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Eaglets in Harmar, Hays nests appear on webcam

| Thursday, April 20, 2017, 11:35 p.m.
Courtesy of Rachel Handel
An eaglet in the Harmar bald eagle nest pokes it head up while one of the adults tends to nesting duties on Thursday, April 20, 2017. Although experts knew both the Harmar and Pittsburgh Hays eagles successfully hatched offspring this year, this is the first time an eaglet was seen on camera.

Recent photos of those gray, fuzzy heads bobbing above the sight line of the bald eagle nests in Harmar and Pittsburgh's Hays neighborhood confirm the progeny of the region's most-watched raptors.

The Audubon Society of Western Pennsylvania confirmed Thursday there are two young eaglets at the Harmar nest and one at the Hays nest, according to a webcam feed at Harmar and photographs from local eagle watchers.

It's not been a good year for live webcams. But eagle fans can expect much better glimpses into the lives of these formerly endangered birds next year.

Professional and amateur naturalists alike haven't been able to see inside the nests to spot eggs, which are a bit smaller than a tennis ball. They have had to rely on spotting the behavior of the parent birds incubating or feeding something deep in the nest bowl.

The Hays camera is much farther away from a new eagle nest, which the birds hastily built after a windstorm toppled their nest tree in February.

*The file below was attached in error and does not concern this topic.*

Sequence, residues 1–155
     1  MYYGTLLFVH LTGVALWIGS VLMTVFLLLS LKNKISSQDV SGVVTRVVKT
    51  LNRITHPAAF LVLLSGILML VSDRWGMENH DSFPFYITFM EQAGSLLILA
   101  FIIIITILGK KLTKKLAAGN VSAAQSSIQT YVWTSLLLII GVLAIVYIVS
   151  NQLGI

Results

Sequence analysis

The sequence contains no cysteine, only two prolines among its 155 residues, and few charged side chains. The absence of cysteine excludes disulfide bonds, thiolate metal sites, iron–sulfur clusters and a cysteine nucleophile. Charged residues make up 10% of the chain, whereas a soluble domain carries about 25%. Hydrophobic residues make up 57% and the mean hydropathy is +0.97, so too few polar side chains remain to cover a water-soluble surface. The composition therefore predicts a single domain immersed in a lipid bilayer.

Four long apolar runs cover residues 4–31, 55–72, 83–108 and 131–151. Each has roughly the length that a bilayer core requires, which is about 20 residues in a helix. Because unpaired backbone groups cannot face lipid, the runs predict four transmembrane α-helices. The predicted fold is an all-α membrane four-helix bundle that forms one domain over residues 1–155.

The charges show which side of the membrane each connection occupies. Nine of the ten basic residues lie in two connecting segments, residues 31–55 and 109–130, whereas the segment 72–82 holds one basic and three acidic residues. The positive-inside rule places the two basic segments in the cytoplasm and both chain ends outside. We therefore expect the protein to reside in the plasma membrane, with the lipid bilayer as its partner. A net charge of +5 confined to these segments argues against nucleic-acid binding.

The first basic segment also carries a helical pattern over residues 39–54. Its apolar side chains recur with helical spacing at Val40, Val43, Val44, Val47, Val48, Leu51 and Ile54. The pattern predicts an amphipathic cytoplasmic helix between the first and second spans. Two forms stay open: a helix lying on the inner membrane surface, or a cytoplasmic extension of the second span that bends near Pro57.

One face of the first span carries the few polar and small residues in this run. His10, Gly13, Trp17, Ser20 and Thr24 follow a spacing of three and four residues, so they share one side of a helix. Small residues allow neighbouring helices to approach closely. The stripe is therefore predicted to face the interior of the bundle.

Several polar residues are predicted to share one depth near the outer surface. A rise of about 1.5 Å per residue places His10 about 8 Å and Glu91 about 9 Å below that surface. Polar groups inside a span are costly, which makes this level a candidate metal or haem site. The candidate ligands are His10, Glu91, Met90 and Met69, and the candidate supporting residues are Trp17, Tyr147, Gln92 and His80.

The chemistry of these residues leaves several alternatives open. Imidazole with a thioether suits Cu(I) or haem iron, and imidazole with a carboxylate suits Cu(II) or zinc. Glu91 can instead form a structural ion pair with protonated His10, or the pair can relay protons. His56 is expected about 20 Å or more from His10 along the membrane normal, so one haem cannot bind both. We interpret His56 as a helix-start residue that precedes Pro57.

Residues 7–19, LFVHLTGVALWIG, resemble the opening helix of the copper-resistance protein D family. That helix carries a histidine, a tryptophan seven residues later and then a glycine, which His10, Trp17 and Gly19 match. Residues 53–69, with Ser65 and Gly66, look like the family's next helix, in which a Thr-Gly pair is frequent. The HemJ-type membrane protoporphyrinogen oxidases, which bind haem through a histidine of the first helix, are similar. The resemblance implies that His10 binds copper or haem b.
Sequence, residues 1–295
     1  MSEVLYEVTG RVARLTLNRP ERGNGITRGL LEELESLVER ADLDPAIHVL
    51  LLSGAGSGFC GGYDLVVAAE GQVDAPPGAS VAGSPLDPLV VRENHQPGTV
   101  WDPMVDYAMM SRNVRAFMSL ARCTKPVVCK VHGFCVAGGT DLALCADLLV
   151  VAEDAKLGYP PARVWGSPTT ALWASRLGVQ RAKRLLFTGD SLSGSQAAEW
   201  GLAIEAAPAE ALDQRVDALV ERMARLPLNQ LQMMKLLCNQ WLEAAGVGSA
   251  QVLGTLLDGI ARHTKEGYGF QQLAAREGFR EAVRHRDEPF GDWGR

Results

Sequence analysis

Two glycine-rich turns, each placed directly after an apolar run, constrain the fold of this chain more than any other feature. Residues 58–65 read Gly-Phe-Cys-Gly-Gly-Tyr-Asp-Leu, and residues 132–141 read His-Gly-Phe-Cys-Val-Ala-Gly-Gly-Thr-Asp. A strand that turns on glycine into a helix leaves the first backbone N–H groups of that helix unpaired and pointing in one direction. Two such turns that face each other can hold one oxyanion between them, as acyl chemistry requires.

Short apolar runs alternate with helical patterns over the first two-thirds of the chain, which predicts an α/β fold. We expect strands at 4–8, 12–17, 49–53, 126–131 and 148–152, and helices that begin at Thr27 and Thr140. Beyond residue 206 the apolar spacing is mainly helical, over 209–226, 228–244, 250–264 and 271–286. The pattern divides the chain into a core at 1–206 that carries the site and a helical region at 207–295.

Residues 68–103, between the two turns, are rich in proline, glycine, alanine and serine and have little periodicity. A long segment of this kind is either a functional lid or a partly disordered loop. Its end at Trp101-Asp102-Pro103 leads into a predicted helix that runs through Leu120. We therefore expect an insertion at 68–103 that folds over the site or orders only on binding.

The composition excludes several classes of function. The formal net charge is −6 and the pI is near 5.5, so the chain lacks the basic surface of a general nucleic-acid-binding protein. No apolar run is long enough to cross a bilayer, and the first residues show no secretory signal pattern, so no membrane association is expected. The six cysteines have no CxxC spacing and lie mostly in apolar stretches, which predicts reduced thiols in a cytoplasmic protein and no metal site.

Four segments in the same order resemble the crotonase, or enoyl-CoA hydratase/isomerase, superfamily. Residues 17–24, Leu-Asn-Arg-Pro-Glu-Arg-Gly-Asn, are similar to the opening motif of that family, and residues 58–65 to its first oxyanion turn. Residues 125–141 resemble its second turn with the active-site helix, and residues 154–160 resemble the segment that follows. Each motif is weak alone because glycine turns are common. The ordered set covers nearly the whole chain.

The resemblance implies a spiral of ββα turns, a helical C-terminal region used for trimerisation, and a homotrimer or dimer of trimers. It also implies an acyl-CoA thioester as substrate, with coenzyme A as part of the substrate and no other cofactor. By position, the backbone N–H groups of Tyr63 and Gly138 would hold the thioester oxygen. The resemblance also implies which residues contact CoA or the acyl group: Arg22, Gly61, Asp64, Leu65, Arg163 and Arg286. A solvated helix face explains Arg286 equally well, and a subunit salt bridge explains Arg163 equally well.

In Harmar, the camera view is better, but it's still a distance away and partially obstructed by the branches of the sprawling sycamore where the birds built their nest.

“Next year, we'll have better views than we had before,” said Bill Powers, president of PixController, the Murrysville company that provides the cameras and setup for webcam streaming.

Powers is working to help provide tighter shots of the birds as well as pan-tilt-zoom cameras for wide environmental portraits. He hopes to capture the parent eagles, who often will perch just outside of the nest to keep an eye on the youngsters.

Jim Bonner, executive director of the Audubon Society of Western Pennsylvania, said the camera technology just keeps getting better and expects to reposition the camera next year.

Because bald eagles raise young in the same nest year after year — with some weighing more than a ton — sometimes the camera angles can be tweaked.

“The birds will continue to nest here,” Bonner said. “They had success with their young this year, and that's a sign they will continue to stay.”

Once the chicks fledge the nest, expected in June or July, they'll hang around with their parents, mooching food and honing their hunting skills.

Although the Hays webcam is a distance from the nest, Powers plans to keep the live feed going through the summer to try to capture views of the young eaglet and parents outside of the nest.

But come August and September, Audubon and PixController will visit the nests and explore their options. That's when they would send a tree climber to mount a smaller camera in the Harmar nest tree.

There will be more work at the Hays site since the birds' had to rebuild their nest on a different portion of the same hill.

Since the Hays site is high on a remote wooded hillside, PixController will have to move its power source — solar panels and batteries — and maybe run longer cables, according to Powers.

All work will be completed by the end of the year just prior to the birds breeding season.

Mary Ann Thomas is a Tribune-Review staff writer. Reach her at 724-226-4691 or

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